I suppose I gave you the headache by this time, so I close; I will forward you Saturday the last chapters of the Second Part if I can, but this part is not finished yet and I want your advice as to how to wind it up.
Truly and respectfully yours,
H. P. Blavatsky.
Note. — Perhaps there should be some reply made here to these inquiries, though it seems hardly in keeping. It is true that Herodotus states that the Phoenicians came from the country of the Red or Erythrean Sea, which washes Arabia.
Mr. J. D. Baldwin classifies them as "Cushites," in which race he includes the Arabians and the dominant dark people of India, but not the African tribes. The Cushites of Asia are the Ethiopians of classic times. Although the Phoenicians were styled Kaphts by the Egyptian, and the Philostians are said to have migrated from Kaphta, it has been quite common to identify the Phoenicians with the Canaanites of the Bible. Whether anciently the Jews were of the same people, there must have been a close relation, and we find in the Bible that no exception was taken to intermarriage till the time of Ezra and Nehemiah. Probably the type was established subsequent to that period. "Ephraim is a Canaanite," says the prophet; "deceitful balances are in his hand, and he loveth to oppress."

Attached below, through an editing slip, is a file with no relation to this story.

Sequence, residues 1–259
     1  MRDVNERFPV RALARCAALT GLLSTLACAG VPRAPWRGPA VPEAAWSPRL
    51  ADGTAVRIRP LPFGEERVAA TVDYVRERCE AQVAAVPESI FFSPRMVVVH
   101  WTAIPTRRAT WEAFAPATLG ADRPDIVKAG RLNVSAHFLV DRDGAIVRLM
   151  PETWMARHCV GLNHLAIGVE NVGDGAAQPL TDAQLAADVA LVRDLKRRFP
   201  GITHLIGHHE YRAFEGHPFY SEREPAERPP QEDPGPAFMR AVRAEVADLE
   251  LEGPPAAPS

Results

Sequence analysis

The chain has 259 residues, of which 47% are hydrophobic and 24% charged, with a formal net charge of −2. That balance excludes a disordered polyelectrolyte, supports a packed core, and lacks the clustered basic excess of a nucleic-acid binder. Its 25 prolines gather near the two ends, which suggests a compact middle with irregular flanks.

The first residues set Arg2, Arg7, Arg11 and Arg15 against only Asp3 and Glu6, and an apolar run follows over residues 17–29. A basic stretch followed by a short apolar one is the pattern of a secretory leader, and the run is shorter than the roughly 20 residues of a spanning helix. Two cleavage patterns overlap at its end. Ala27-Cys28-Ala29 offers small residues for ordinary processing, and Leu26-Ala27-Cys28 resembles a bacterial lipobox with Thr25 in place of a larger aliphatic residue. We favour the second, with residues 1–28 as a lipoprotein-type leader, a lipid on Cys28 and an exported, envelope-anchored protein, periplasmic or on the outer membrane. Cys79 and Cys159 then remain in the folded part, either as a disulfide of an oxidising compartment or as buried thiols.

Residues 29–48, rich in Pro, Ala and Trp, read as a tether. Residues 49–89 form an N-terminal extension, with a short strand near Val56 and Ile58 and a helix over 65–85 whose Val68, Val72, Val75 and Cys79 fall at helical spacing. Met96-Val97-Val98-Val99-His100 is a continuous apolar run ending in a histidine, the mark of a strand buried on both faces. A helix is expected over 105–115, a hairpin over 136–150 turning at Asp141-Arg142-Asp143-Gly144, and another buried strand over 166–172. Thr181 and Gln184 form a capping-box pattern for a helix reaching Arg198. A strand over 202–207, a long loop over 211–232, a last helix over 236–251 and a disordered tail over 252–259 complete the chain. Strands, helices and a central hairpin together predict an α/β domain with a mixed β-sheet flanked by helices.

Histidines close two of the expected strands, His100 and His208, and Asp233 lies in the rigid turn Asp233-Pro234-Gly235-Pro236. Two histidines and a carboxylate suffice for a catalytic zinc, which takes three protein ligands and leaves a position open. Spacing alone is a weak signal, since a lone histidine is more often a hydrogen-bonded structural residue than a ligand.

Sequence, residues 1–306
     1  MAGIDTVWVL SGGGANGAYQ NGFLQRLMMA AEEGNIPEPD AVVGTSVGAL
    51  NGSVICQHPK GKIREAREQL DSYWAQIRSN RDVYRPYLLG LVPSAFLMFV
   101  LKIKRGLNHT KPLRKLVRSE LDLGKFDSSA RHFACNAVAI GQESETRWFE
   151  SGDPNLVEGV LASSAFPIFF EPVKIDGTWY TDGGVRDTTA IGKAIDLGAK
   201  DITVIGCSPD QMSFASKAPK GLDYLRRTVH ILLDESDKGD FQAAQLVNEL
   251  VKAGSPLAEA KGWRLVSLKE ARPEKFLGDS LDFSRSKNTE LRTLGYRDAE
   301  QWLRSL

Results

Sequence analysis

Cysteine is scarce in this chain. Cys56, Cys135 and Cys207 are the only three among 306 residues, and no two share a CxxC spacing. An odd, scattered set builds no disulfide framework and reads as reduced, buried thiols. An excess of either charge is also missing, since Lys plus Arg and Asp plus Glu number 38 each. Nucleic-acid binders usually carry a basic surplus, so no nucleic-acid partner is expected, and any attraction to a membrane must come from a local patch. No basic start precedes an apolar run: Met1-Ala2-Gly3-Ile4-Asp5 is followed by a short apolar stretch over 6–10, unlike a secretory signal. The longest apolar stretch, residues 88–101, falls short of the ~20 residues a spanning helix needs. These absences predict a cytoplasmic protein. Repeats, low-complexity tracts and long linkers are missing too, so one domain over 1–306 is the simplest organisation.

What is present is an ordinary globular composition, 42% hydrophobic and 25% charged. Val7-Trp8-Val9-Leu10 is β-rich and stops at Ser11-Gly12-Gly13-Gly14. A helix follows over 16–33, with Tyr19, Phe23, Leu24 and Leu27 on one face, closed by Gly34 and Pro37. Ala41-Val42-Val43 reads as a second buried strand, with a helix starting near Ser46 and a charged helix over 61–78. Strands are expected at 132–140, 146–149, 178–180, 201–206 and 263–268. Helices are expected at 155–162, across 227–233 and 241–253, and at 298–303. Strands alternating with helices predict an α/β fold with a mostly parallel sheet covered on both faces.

I think that Godfrey Higgins and Moor in the "Pantheon" denominated the figure a "Buddha" and negro, that Mme. Blavatsky describes as Krishna. True, Krishna had another name, and this term signifies black. But when India is named, it is not definitely certain how far it extended, or differed from the Asiatic Ethiopia. The Akkadians may have come from that part of Asia; the term signifies Highlands. But the Chaldeans, their supposed successors, are called Kasdim. In the Bible Xenophon wrote of Chaldeans, natives of Armenia.
The ensuing autumn and winter I delivered a course of lectures in a medical college in New York. This brought me from Newark several times each week and gave me an opportunity to call at the place on West Forty-seventh Street if there was occasion.